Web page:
“Be kind, for everyone you meet is fighting a harder battle.” Plato
Kindness is expressed in a myriad of small, everyday ways, such as allowing someone to go ahead of you in line, doing chores for other people, running an errand for a friend, or signaling another driver to go ahead of you in traffic. It is not about being “nice” in some sentimental or superficial way. True kindness comes from a place that is genuine. It is done to be of service to others, out of genuine care and concern. Authentic kindness carries no expectation of receiving anything in return.
When you are kind to someone, you feel good. Also, each act of kindness tends to lead others to acts of kindness, thus creating an incredible upward spiral of positive emotions. Research suggests that kindness is indeed contagious. An individual act of kindness spreads through social networks by three degrees of separation, from person to person to person to person (Fowler & Christaks, 2010). Kindness releases a hormone known as oxytocin which produces a chemical called nitric oxide, which dilates the blood vessels and in turn reduces blood pressure (Kok, et al., 2013). The bottom line is that practicing acts of kindness benefits your heart, reduces anxiety, lowers blood pressure, and helps you to be a happier person.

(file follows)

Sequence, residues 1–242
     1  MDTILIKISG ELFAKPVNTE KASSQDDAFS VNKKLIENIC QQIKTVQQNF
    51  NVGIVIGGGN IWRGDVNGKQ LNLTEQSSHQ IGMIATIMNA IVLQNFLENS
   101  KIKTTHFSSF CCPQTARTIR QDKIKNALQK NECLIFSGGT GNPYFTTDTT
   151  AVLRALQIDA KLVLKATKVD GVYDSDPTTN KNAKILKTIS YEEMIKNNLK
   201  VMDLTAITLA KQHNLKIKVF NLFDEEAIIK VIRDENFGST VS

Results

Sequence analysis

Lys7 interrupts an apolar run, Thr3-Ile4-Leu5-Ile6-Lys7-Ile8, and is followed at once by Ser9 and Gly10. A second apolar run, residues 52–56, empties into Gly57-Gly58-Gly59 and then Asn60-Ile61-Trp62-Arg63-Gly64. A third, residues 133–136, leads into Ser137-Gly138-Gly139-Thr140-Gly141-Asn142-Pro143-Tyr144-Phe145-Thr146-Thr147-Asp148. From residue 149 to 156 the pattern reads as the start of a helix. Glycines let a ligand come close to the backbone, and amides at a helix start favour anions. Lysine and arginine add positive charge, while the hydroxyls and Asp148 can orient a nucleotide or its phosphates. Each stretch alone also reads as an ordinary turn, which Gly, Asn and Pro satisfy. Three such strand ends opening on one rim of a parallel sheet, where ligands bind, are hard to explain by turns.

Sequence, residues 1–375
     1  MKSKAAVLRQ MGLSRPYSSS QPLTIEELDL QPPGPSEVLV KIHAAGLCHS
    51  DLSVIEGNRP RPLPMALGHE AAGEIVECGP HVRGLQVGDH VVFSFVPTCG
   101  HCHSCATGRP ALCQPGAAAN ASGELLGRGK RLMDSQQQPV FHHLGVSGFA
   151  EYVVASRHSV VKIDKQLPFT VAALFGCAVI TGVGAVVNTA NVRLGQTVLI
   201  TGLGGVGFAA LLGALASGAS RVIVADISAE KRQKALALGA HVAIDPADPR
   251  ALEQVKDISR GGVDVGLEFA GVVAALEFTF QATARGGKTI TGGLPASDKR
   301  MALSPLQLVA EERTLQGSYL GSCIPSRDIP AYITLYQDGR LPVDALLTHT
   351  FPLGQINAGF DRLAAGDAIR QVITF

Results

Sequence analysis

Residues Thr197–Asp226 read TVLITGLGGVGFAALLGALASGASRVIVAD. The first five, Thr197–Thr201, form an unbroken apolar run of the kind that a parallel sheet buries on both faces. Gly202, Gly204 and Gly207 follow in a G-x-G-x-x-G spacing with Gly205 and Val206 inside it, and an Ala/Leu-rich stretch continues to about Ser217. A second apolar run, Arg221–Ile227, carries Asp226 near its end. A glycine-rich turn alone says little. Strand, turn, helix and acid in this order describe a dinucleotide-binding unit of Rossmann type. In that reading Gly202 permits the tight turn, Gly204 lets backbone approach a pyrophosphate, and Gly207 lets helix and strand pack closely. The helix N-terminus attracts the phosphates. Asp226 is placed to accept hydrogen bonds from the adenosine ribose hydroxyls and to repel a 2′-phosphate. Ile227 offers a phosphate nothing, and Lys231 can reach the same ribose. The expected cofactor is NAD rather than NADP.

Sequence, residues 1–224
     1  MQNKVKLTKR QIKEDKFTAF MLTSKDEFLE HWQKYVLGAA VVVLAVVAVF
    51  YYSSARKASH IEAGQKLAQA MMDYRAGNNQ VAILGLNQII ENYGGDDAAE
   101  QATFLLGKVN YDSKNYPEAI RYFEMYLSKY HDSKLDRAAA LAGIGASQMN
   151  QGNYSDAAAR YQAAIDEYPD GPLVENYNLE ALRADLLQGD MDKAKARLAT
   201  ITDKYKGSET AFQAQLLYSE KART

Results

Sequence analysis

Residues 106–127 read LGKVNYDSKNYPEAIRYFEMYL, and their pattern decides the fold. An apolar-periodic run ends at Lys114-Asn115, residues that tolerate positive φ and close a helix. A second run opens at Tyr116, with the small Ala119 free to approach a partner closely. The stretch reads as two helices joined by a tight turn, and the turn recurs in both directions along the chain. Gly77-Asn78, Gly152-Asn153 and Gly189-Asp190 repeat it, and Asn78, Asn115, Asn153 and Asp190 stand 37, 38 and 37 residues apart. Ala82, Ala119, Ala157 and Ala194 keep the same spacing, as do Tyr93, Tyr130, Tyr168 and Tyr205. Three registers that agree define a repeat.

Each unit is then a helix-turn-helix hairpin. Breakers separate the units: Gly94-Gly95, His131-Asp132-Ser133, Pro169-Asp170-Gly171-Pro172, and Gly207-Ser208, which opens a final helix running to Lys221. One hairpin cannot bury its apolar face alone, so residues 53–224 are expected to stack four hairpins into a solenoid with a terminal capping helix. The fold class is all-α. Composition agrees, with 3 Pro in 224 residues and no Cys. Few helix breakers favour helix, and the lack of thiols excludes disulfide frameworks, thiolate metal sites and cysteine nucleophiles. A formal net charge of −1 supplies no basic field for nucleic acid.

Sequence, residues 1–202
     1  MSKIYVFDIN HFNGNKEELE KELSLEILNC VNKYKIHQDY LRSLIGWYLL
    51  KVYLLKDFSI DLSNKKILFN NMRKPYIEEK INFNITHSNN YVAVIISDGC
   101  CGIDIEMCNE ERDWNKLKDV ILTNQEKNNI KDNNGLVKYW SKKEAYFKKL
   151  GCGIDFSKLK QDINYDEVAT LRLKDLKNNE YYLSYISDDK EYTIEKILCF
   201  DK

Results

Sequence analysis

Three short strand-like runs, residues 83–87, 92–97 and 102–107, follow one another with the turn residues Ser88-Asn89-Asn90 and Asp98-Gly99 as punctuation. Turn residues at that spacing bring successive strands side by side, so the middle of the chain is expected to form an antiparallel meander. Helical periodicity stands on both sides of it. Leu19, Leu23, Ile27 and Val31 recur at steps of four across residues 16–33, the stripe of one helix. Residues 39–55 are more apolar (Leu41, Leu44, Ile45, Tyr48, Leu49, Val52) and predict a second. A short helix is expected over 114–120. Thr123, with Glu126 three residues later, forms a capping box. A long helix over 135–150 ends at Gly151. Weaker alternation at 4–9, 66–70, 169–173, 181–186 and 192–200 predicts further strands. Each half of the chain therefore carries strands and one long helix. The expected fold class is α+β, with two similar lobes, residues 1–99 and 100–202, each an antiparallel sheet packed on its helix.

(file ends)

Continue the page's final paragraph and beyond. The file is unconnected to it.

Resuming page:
Here are a few ideas to get you started — and they won’t cost you time or money to spread a little kindness:
Be intentionally kind. Throughout the day, intentionally bring kindness into your actions, your speech, and most of all, your thoughts. Either silently or verbally wishing for the well-being of others has been shown to improve your ability to feel empathy, to increase your social connectedness, and improve your ratio of positive to negative emotions.
Run mini-movies in your head. Encourage themes of kindness in your mind by running mini-movies of times when others were kind to you or when you showed kindness toward others. This simple process will help wire your brain for kindness and calmness.
Assume innocence. Assume no ill-will in others’ intentions and bring a sense of kindness to your interpretation of other people’s actions.
Start with YOU! Be kind to the parts of you that are hesitant or afraid. Be kind to aspects of yourself that you wish were different, whether these parts have to do with the way you look, the things you want, or the emotions you feel. Be kind to what is human in you, in the same way you practice kindness towards the humanity of others.
Fowler, James H; Christakis, Nicholas A. Cooperative behavior cascades in human social networks”. PNAS Vol 107 No 12. 2010.
Kok, Bethany E, Coffey, Kimberly A, Cohn, Michael A., Catalino, Lahnna I., Vacharkulksemsuk, Tanya, Algoe, Sara B., Brantley, Mary and Fredrickson, Barbara (2013). How Positive Emotions Build Physical Health: Perceived Positive Social Connections Account for the Upward Spiral Between Positive Emotions and Vagal Tone” Psychological Science, 24(7), 1123–1132.